Note the similarities between Genesis and the Apocalypse.

In both we have a new beginning, and a new order. In both we have the tree of life, the river, the bride, the walk of God with man; and in both paradises we have the same moral and spiritual ideals. God has never abandoned the Eden ideal for man; and although in the end the garden has given place to the city, the Eden ideal of holiness finally triumphs.

Mark the contrasts between the one book and the other:

1. In Genesis we see the first paradise closed (Gen. 3:23); in Revelation we see the new paradise opened (Rev. 21:25).

2. In Genesis we see dispossession through human sin (Gen. 3:24); in Revelation we see repossession through Divine grace (Rev. 21:24).

3. In Genesis we see the "curse" imposed (Gen. 3:17); in Revelation we see the "curse" removed (Rev. 22:3).

4. In Genesis we see access to the tree of life disinherited, in Adam (Gen. 3:24); in Revelation we see access to the tree of life re-inherited, in Christ (Rev. 22:14).

5. In Genesis we see the beginning of sorrow and death (Gen. 3:16-19); in Revelation we read "there shall be no more death, neither sorrow" (Rev. 21:4).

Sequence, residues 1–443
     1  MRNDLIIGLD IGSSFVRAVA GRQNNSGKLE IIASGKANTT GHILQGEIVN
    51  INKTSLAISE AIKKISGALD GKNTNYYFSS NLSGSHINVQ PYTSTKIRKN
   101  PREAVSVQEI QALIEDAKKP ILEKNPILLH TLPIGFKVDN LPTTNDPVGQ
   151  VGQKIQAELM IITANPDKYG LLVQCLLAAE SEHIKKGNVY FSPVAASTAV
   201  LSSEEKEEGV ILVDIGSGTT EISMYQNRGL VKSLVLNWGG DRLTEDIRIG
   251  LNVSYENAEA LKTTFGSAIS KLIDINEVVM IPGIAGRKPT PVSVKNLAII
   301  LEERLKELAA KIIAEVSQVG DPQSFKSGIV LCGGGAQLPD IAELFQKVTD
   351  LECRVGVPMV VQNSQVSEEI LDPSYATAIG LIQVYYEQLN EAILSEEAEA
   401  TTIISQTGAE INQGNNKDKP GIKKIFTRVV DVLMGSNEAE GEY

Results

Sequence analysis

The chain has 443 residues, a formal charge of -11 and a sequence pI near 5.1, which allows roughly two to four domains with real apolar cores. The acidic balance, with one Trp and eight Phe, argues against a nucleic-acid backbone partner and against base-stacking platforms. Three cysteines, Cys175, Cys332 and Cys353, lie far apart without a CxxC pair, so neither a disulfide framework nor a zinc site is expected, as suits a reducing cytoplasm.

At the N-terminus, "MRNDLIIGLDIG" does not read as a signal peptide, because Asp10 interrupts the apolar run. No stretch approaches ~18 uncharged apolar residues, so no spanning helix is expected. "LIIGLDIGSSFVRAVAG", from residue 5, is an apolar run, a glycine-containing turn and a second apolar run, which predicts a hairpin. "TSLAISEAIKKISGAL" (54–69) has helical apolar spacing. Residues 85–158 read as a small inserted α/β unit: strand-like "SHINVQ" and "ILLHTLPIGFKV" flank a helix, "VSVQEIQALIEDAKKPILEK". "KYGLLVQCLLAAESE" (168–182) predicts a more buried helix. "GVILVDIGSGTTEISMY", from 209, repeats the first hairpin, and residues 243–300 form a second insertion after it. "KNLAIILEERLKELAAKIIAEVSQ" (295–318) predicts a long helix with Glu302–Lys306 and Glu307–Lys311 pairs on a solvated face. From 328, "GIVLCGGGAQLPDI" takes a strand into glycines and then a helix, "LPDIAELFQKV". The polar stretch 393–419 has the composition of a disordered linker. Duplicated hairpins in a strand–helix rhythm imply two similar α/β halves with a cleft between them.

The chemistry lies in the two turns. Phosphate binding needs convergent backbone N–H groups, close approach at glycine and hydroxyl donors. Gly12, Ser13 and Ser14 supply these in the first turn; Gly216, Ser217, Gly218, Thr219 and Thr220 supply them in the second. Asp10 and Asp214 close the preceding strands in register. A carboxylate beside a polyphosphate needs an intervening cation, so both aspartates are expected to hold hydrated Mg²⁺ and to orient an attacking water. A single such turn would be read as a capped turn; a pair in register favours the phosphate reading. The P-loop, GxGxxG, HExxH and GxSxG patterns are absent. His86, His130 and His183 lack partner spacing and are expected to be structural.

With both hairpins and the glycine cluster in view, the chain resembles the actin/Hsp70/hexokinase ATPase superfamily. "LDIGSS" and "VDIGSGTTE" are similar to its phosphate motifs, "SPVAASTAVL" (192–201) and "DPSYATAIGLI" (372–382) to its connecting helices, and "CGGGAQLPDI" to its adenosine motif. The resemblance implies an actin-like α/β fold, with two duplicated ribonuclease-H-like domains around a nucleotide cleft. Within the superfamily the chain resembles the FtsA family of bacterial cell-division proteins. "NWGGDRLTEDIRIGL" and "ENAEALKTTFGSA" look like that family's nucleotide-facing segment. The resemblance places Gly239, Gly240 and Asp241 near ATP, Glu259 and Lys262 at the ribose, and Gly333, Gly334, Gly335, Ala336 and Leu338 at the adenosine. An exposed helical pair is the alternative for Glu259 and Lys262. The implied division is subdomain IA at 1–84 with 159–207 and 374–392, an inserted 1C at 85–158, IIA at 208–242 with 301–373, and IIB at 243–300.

6. In Genesis we are shown a garden, into which defilement entered (Gen. 3:6-7); in Revelation we are shown a city, of which it is written: "There shall in no wise enter into it anything that defiles" (Rev. 21:27).

7. In Genesis we see man's dominion broken, in the fall of the first man, Adam (Gen. 3:19); in Revelation we see man's dominion restored, in the rule of the New Man, Christ (Rev. 22:5).

8. In Genesis we see the evil triumph of the Serpent (Gen. 3:13); in Revelation we see the ultimate triumph of the Lamb (Rev. 20:10; 22:3).

9. In Genesis we see the walk of God with man interrupted (Gen. 3:8-10); in Revelation we see the walk of God with man resumed, and a great voice says from heaven, "Behold the tabernacle of God is with men, and He will dwell with them . . ." (Rev. 21:3).

Note the completions of the one book in the other. The Garden, in Genesis, gives place to the City, in the Apocalypse; and the one man has become the race. In Genesis we see human sin in its beginnings; in the Apocalypse we see it in its full and final developments, in the Harlot, the False Prophet, the Beast, and the Dragon. In Genesis we see sin causing physical death, on earth; in the Apocalypse we see sin issuing in the dread darkness of the "second death," in the beyond. In Genesis we have the sentence passed on Satan; in the Apocalypse we have the sentence executed. In Genesis we are given the first promise of a coming Savior and salvation; in the Apocalypse we see that promise in its final and glorious fulfillment. Genesis causes anticipation; the Apocalypse effects realization. Genesis is the foundation stone of the Bible; the Apocalypse is the capstone.

From Explore the Book, J. Sidlow Baxter, Zondervan, pp. 26-27